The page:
With the extraordinary science that benefits childless couples and the growing popularity of reproductive technologies, the prediction from early naysayers that baby-making would create criminal, social and ethical problems can no longer be ignored.
Public awareness of the foibles of procedures such as artificial insemination, in vitro fertilization, and anonymous sperm donation began with the news that a California woman, Nadya Suleman, gave birth to eight children via in vitro fertilization in 2009. Twelve embryos had been implanted, apparently at her request.
Ms. Suleman’s octuplets joined her already large family of six children, also born through in vitro fertilization. That she was a single mother with limited financial resources and was eventually compelled to work as a stripper and a nude model further rankled critics who denounced her physician, Dr. Michael Kamrava, who later lost his medical license.
The latest scandal in the baby-making industry involves a home-grown business called Canadian Fertility Consultants, with offices in British Columbia and Ontario, whose CEO, Leia Picard, has been charged with 27 criminal offences including purchasing sperm and egg from a donor and paying a surrogate to carry a baby for a client.
Under Canadian law it is illegal to pay sperm or egg donors and surrogates are only allowed to be paid for their reasonable expenses. While limited information has been released by the RCMP, it has been reported that two women who donated eggs were paid $5000.00 each.
Ms. Picard has also been charged with four counts of forgery in relation to allegations that her clients received false profiles of two of her sperm donors and two potential surrogate mothers.
Canada’s legislation has been in force for almost nine years, but this appears to be the first time that charges have resulted from a breach of the law, with related criminal charges.
There is speculation that Ms. Picard’s present legal problems arise from her purely innocent interaction with Maryland lawyer Hilary Nieman, who ran a surrogacy business with California lawyer, Theresa Erickson, that later proved to be anything but altruistic.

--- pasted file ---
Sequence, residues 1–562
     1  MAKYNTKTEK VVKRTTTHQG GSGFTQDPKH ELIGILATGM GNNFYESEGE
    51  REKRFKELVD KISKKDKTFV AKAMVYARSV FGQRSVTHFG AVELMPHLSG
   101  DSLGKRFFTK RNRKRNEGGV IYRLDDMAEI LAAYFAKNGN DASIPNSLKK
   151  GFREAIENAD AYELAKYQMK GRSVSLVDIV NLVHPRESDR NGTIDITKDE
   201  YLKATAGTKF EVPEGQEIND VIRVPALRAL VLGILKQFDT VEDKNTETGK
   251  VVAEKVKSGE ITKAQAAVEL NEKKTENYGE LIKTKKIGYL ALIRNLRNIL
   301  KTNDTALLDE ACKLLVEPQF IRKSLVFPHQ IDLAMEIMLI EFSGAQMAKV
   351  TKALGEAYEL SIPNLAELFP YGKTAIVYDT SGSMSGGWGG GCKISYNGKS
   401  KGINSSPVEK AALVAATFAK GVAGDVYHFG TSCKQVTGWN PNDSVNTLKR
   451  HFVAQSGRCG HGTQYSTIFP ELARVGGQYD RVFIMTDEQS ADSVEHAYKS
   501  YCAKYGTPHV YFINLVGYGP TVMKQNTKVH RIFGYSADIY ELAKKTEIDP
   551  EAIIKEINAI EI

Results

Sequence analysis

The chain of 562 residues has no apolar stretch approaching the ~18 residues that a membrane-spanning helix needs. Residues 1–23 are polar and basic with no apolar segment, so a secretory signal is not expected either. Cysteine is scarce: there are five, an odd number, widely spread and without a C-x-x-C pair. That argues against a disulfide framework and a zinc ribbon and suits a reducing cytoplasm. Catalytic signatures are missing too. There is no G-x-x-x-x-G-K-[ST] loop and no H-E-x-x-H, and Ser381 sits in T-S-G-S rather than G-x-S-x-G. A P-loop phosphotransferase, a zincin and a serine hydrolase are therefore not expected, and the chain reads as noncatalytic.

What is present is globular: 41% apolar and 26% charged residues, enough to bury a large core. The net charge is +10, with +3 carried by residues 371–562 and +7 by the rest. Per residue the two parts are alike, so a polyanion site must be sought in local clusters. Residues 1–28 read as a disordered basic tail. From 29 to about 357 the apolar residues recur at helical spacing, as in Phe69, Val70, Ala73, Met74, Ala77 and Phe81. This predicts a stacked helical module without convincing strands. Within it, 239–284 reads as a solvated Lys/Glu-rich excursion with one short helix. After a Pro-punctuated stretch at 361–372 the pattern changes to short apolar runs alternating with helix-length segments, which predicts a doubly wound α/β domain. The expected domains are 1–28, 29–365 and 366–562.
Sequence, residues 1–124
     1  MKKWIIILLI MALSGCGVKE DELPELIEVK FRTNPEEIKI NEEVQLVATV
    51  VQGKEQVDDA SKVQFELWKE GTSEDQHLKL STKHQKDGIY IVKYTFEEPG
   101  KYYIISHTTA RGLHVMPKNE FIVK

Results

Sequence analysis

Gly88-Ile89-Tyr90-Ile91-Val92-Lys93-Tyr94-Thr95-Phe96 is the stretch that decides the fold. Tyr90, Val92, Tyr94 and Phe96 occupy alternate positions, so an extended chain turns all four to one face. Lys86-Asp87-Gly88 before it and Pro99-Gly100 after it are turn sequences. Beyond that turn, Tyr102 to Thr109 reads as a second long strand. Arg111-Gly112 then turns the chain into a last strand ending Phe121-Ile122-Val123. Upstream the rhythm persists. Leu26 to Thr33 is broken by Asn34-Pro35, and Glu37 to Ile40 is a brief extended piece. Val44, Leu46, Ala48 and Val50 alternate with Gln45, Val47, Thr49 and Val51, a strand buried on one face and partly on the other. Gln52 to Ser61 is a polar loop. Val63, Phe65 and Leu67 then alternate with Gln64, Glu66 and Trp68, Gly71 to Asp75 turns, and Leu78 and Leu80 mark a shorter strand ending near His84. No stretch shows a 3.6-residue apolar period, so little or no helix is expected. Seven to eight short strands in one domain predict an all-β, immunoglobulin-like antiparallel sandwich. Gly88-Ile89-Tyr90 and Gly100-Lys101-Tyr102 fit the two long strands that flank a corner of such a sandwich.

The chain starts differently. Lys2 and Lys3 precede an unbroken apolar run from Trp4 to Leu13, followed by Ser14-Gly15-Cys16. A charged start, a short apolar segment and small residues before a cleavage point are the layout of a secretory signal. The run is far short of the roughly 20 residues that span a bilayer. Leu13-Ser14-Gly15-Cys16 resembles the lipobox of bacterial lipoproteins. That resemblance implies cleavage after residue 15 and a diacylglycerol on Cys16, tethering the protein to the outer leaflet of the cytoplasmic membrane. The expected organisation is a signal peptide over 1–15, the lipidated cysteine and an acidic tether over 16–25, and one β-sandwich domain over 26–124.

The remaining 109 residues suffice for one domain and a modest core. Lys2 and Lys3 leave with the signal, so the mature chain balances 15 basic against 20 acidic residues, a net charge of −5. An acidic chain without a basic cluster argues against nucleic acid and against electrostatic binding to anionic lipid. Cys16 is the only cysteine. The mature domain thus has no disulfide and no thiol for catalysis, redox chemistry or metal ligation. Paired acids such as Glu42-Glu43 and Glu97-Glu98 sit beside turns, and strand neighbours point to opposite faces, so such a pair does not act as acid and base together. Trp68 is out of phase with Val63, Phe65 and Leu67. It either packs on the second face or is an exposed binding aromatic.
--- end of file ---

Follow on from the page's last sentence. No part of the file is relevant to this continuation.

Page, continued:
Under a unique California law, a woman can enter into a surrogacy agreement with prospective parents, but the agreement must be signed and finalized prior to the fertilization of the surrogate. Where there is a surrogacy agreement, the prospective parents do not need to go through an adoption to become the child’s legal parents as the child’s birth certificate will record the names of the prospective parents, not the surrogate’s name.
Lawyers Nieman and Erickson both specialized in reproductive technology law. Working together, they paid American women an average of $40,000 to travel to the Ukraine to be implanted with embryos. This was necessary because no doctor in California would do the in vitro procedure under the circumstances presented by the surrogates.
The lawyers got around the requirement for an executed agreement prior to fertilization by submitting forged documents to the Court which attested to the agreement being signed as required by the law.
Ms. Erickson with Hilary Nieman’s help, accumulated a stable of new-born babies ready to be sold to unsuspecting couples for $100,000 to $150,000 each.
In the twelfth week of their pregnancy the women, referred to as “gestational carriers”, flew back to the United States where the lawyers would find a couple who were told that a surrogacy agreement with another couple had fallen through after the couple backed out.
For couples who had tried numerous procedures over many years without the blessing of a child, the prospects of a new-born baby was like winning the lottery.
Erickson and Nieman, both plead guilty to wire fraud and conspiracy, involving the sale of twelve babies. Although lawyers for the State and Ms. Nieman agreed to a plea bargain of nine months of home confinement, the Court would have no part of that and sentenced Nieman to five months in federal prison and seven months of home confinement. She was also order to pay back profits of $133,000 and was later disbarred.
We now await full particulars of the charges against Ms. Picard, but payments of several thousand dollars to egg donors hardly seems worth the cost of the RCMP’s year-long investigation. Allegations of forgery, however, puts an entirely different spin on the agency’s practices.
Ms. Picard says she will vigourously defend against the charges and is inviting donations to her legal fund.
Lawdiva aka Georgialee Lang